Thursday, April 5, 2012
Barcelona Movie Review
Whit Stillman’s Metropolitandrew on his own experiences going to debutante balls and hobnobbing with wealthy socialites. His second film, Barcelona, similarly drew on his own life, this time mining the time he spent living abroad. Ted and Fred Boynton are cousins who share Ted’s apartment for a short time when Fred turns up unexpectedly as part of a Navy advance man ahead of the arrival of the Sixth Fleet’s shore leave. Ted works for an American company out of their Barcelona office. Fred is a brash outspoken American who vehemently defends the United States’ honor against the frequent verbal abuse levied by Spanish locals. Ted is a bit more reserved, though no less a patriot, and versed in some of the subtleties of Spanish culture.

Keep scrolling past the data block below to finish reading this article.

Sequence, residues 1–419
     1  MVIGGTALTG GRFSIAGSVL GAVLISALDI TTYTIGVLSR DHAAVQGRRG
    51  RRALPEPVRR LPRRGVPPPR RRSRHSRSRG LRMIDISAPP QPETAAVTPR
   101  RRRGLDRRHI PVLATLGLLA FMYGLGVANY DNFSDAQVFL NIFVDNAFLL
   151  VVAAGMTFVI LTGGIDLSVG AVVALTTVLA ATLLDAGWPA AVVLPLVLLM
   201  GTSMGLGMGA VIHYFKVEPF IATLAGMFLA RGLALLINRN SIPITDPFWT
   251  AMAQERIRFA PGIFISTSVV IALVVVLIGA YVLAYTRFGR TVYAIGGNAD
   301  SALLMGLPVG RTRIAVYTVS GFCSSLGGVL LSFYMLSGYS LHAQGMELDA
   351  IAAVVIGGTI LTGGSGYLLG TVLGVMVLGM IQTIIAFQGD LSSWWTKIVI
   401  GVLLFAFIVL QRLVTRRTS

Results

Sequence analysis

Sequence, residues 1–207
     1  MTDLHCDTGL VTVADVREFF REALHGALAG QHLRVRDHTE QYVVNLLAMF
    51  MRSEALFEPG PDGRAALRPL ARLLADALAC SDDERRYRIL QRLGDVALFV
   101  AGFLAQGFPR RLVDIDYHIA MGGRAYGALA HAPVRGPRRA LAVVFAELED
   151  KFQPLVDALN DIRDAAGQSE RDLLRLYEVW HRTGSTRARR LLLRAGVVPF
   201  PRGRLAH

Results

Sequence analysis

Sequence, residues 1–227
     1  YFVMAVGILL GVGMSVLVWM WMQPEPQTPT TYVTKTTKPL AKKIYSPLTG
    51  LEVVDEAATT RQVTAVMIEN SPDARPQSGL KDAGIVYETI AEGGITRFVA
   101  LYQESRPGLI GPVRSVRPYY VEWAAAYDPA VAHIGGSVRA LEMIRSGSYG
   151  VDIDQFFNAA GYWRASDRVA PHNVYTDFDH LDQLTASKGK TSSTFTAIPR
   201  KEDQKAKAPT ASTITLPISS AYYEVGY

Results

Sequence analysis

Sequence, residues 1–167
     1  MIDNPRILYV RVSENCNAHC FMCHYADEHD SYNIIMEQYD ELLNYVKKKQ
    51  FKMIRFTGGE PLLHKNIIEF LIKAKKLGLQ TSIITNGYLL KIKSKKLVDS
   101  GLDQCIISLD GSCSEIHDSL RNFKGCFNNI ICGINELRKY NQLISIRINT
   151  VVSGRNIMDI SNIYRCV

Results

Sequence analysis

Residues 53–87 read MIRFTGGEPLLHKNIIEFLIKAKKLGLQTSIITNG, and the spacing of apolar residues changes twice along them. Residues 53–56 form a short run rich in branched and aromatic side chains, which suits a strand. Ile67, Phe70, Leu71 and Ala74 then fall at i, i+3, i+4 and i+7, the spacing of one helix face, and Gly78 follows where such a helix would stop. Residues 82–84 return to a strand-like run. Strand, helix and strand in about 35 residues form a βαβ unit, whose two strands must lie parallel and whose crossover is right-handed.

Taylor Nichols and Chris Eigeman play Ted and Fred respectively. Both are veterans of Metropolitan and the best actors from that ensemble, making it no surprise that Stillman cast them again. Barcelona is a romantic comedy at its core. But it is not the kind of rom-com you immediately recognize as such. This is a movie where the characters talk and talk and then talk some more. More happens in this film than in Metropolitan, but there is just as much conversation. And it’s such good conversation. Stillman continued to develop his style with this, his second screenplay. His dialogue is always smart and very often incredibly witty. Like his first film, this one caters to a certain demographic of reasonably well-educated viewers. The quips come quickly, the characters are erudite, use words that I might have to look up in a dictionary, and speak on subjects that make them sound like master’s students on topics ranging from philosophy to international relations.